Lists of endangered species designed to protect flora and fauna may themselves be condemning a substantial proportion of plants and animals to extinction.
Australian botanist Mark Burgman, of Melbourne University, believes that the biases of the scientists creating the lists have serious consequences for conservation policy.
"Policy-makers, politicians and the general population trust us to be balanced in our provision of advice. Of course we are not," he said.
Professor Burgman began investigating the lists in a review of threatened plants in the Australian Journal of Biology .
He realised that most of the information on the turnover of species was "noise" due to changes in knowledge rather than the impact of human activity.
He calculated that revised lists varied between 10 and 20 per cent and that between 1993 and 2000 the number of endangered vascular plants (those able to transport liquids around) in Australia doubled.
Most of the new ones were species that had not been assessed before. There were no documented extinctions for lower species such as fungi or algae. Similarly, endangered animal lists tend to feature more bird and mammals than invertebrates.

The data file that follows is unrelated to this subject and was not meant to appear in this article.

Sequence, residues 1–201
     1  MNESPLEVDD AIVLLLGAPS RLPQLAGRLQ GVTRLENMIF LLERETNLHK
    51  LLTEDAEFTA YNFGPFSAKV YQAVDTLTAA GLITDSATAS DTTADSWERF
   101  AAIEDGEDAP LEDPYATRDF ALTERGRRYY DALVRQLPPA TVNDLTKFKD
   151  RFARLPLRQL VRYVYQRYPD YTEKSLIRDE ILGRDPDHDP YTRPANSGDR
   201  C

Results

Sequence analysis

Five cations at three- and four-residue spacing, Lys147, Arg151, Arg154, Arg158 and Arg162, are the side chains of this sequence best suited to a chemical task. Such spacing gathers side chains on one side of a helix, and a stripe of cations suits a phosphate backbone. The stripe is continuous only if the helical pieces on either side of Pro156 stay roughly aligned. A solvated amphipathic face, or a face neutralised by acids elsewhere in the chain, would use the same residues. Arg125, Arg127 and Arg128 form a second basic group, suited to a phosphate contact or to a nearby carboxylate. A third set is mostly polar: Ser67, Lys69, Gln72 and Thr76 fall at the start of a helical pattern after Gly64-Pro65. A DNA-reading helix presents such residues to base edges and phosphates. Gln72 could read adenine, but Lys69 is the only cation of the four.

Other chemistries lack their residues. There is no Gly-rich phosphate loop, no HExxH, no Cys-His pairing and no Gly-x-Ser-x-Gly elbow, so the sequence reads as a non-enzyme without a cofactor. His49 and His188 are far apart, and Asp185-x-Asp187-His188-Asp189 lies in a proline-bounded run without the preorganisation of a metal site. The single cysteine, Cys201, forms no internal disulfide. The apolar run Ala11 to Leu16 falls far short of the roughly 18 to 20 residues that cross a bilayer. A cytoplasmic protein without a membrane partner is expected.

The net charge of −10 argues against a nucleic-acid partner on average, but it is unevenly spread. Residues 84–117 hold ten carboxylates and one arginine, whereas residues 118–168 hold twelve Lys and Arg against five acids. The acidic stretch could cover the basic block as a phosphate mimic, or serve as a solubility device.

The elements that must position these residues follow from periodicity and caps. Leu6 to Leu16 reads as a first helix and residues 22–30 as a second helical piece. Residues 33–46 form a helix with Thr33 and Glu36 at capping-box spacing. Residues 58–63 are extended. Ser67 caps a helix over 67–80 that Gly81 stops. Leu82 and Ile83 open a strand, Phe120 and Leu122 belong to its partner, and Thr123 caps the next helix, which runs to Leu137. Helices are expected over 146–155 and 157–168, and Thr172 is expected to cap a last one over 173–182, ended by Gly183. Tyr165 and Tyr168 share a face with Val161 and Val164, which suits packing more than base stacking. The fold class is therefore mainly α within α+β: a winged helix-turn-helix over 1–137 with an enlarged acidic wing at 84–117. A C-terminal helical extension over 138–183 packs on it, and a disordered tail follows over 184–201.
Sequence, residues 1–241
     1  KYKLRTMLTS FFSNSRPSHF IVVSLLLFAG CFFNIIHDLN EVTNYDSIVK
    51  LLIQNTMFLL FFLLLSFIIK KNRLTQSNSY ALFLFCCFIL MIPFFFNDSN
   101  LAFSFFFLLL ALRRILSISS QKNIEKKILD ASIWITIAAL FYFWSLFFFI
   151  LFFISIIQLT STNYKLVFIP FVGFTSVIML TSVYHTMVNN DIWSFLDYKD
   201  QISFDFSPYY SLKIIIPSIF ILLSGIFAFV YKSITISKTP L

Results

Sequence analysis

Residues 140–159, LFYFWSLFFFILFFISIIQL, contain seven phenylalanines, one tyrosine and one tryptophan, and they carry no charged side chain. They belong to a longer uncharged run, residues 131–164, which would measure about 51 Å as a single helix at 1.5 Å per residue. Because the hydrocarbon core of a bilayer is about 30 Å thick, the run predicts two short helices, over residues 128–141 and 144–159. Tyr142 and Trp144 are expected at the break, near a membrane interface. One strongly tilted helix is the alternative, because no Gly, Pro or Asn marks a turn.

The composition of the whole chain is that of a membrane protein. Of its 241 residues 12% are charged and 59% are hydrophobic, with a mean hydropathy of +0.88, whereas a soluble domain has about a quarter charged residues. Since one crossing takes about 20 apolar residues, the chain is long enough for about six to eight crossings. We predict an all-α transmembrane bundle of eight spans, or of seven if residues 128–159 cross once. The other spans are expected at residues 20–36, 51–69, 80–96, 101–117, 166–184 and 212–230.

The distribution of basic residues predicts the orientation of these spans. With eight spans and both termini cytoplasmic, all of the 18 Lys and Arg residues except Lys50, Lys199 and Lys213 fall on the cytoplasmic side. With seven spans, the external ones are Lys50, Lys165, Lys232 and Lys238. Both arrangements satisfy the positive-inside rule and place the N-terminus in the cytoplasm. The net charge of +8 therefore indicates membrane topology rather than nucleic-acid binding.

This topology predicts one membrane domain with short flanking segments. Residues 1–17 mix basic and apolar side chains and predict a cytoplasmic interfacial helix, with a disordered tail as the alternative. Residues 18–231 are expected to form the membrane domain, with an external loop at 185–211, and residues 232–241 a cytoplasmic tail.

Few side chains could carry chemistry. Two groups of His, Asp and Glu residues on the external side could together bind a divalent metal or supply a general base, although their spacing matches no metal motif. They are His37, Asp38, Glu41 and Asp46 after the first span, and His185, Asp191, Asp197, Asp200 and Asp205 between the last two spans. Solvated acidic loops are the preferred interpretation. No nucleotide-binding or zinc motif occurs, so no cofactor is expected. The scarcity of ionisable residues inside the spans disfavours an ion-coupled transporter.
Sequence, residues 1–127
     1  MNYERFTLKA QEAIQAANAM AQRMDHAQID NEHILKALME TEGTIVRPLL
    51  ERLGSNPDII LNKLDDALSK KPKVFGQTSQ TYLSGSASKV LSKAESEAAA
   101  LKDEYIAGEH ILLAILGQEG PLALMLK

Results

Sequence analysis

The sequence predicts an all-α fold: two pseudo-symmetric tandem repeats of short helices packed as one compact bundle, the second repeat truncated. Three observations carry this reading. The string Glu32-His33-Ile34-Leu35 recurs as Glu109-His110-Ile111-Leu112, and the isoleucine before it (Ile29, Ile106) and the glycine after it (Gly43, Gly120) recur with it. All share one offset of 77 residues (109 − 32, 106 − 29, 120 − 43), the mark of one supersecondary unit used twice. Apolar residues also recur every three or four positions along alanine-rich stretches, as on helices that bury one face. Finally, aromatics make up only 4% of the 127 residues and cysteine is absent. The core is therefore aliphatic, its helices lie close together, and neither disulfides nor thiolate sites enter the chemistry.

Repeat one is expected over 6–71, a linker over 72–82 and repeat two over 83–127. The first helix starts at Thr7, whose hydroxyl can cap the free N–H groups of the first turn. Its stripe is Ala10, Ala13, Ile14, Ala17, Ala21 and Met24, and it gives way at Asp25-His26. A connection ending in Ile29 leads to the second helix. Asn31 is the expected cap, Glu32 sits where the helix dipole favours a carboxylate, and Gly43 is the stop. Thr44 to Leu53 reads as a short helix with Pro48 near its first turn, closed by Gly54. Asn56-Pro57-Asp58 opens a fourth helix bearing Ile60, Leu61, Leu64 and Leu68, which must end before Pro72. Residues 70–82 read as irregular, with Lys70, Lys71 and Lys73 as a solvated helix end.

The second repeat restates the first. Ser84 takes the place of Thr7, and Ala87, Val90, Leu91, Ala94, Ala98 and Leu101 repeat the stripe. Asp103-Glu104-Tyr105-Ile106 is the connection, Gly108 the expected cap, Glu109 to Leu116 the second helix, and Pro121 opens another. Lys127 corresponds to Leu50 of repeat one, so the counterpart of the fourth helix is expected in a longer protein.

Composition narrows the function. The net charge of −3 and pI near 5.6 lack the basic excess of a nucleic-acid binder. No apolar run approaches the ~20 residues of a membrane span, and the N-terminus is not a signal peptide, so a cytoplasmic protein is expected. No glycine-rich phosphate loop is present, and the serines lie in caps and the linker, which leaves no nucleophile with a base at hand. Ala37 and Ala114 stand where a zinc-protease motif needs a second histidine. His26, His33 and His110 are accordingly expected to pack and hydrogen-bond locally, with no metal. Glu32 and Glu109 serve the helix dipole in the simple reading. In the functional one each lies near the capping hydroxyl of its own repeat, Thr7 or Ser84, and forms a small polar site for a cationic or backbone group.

Professor Burg-man believes the lists have value if their limitations and biases are understood.
He is working with the National Centre for Ecological Analysis and Synthesis at the University of California to develop new methods for evaluating species' conservation status.
Scientists and governments need to know the changes in numbers of extinct and threatened species, the causes of past extinctions and the threats in future. "Current lists simply do not provide this information," Professor Burgman said.
Scientific bias towards the cute, unique or spectacular has long been recognised. In 1995, Lord May, of Oxford University's zoology department, described the international lists as popularity polls.